Make no mistake. I’m down with my reputation as a good cook. But at risk of blowing it all to hell, I must confess: It’s kind of a lie.
What I mean to say is, the most delicious things that kick out of my kitchen are dead, stupid, easy. For example, do y’all even know what a breeze enchiladas are?
Today I’m using Frontera brand Classic Red Chile sauce. Why it’s spelled like the country and not the delicious plant is… not for me to answer. I’m pretty sure we bought this from Whole Foods, known hereabouts as Harry’s Farmers Market.
(I tried, BTW, oh I tried, to get a picture of the jar. But they all came out blurry and ridiculous.)
It took us a while to settle on an enchilada sauce that we like straight out of the jar. It’s worth it to shop around and keep exploring. We like this one and will probably stick with it. For a while, anyway.
What You Need
For 4-6 enchiladas
Note, since this is almost always a throw-together dish for me, I’m supplying a few variations.
- 4-6 Corn tortillas
- Enchilada Sauce
- Olive oil (or whatever cooking oil you have around)
- About 4 oz boneless chicken (that will be about a half a boneless breast or 1-2 thighs), or…
- About 4 oz ground beef, or…
- 4-6 slices of your favorite cheese (I like pepper jack. Also, you can use shredded, but it’s messier.)
- I suppose you could also use about 4 oz of pork, probably tenderloin, or crab meat or those tiny shrimp, but I’ve never tried that.
- Salt and pepper
- Cilantro (optional)
- Cayenne pepper (if you like it hot)
I generally serve these with a kind of Spanish-style rice. But this post was getting long so I’m going to write about that separately. If you’re doing the rice, put that water on to boil first thing.
We’re doing chicken today, so first preheat a heavy skillet on Medium. Lay your chicken out on a cutting board and pound it down to about 1/4 inch thickness.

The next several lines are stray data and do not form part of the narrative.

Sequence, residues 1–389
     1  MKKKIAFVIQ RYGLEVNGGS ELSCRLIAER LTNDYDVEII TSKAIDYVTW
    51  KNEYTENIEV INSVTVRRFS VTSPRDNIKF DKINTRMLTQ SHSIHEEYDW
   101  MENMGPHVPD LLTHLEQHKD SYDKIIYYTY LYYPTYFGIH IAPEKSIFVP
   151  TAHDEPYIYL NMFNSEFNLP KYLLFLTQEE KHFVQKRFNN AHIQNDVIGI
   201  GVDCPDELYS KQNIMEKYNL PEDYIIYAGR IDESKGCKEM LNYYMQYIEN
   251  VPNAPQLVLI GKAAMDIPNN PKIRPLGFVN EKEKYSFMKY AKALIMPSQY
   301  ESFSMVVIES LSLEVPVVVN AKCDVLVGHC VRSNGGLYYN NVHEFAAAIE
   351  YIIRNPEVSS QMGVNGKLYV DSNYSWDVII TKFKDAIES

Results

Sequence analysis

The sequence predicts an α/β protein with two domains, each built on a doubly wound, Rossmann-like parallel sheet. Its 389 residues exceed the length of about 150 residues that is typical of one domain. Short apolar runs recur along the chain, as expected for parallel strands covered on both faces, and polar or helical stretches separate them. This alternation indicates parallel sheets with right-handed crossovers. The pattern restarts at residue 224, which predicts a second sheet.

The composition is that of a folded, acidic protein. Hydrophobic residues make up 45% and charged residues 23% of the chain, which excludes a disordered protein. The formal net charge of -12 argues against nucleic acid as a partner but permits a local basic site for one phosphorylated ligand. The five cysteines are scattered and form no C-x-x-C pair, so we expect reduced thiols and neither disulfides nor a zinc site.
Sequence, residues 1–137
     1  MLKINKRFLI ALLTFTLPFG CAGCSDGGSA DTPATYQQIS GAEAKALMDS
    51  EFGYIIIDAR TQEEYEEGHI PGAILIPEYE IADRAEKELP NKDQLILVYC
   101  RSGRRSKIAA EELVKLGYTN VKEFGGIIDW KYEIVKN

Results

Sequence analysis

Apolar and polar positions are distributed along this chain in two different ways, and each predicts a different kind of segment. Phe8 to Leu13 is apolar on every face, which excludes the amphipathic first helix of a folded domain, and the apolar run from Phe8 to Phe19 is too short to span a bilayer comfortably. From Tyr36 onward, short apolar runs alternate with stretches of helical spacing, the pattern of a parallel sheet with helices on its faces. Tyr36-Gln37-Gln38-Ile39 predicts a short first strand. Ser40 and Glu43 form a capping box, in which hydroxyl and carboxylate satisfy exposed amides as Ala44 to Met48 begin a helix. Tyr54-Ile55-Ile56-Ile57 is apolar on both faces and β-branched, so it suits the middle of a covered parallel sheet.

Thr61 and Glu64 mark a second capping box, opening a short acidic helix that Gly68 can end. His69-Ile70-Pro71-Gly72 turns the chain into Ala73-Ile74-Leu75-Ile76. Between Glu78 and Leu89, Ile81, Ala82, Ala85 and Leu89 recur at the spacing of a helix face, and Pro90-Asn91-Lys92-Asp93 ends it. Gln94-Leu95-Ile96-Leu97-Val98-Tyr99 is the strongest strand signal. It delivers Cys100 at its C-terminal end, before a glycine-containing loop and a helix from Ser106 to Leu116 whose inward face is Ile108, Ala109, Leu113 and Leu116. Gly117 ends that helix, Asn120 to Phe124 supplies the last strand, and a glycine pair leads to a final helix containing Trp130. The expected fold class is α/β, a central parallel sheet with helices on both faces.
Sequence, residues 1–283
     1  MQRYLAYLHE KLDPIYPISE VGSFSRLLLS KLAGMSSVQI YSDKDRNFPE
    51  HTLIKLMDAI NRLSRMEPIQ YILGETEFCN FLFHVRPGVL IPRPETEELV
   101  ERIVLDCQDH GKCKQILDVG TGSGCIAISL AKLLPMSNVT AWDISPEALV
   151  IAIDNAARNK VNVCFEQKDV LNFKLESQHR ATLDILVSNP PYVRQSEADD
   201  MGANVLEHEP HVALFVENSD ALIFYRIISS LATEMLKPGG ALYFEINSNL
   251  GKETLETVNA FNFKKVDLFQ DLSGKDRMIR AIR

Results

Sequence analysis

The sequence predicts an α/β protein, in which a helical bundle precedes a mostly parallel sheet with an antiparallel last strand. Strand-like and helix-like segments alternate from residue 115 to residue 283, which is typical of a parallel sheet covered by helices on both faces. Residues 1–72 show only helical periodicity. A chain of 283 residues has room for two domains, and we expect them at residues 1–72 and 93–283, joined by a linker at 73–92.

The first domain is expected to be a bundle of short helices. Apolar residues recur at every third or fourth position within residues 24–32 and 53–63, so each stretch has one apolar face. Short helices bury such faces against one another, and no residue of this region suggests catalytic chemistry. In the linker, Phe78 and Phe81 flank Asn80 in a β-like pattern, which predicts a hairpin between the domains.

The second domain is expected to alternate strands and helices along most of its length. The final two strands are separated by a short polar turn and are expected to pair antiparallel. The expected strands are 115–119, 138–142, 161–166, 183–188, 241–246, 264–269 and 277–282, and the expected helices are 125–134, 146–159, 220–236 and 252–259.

Sprinkle both sides with maybe a teaspoon each of sea salt, black pepper, oregano, cilantro, and cayenne pepper. Or use whatever seasonings you like.
Add oil to the skillet and bring it up to temperature. This will keep your chicken from getting greasy, I’m told. Once the oil is hot enough to make a shake of black pepper sizzle, add your chicken. Cook on one side until the white is creeping up around the edges, then flip.
I like to let my chicken pick up a little brown (read, yumminess). If that’s not your thing, reduce the heat to medium-low. It’ll take a bit longer but you’ll end up with pristine white meat.
Once you’re not seeing pink anymore, transfer the chicken to a mixing bowl. Use a couple of forks to shred it.
While my chicken was cooking, I got out a square baking dish and dumped in maybe a quarter cup of sauce. Then I tilted the dish around to coat the bottom. Would an enchilada pan be better? Yes. So if Santa Claus is reading this…
I also got out the rest of my ingredients, staging the assembly line. This is probably the best time to start preheating the oven. But seeing as I live in Georgia, I usually just fix these in the toaster oven.
Grab tortilla, add a generous pinch of chicken and 1/4 slice of cheese —
Fold gently and place seam-side down in the pan.
Repeat until you’re out of filling. I was going for four this time, but ended up with five. Took a little careful scootching to get that last enchilada in there.
Next you want to add a bit of sauce over the top of the tortillas. Dirty up a spoon if you must, or gently pour it right out of the jar.
Finally, cover the top with cheese.
At this point I set the toaster oven for Bake and 350°. Stuck the tray in there and got busy finishing up my rice. I’d say they stayed in 10, maybe 12 minutes. Partway through I started hearing sizzling, at which point I kicked the toaster oven over to Broil. A minute or two later I could smell browning cheese, and that means done!
I let these cool for about five minutes, then served over seasoned rice. The whole process took, maybe 25 minutes? And. So. Good.
Stay tuned for a quick post breaking down my seasoned rice secrets.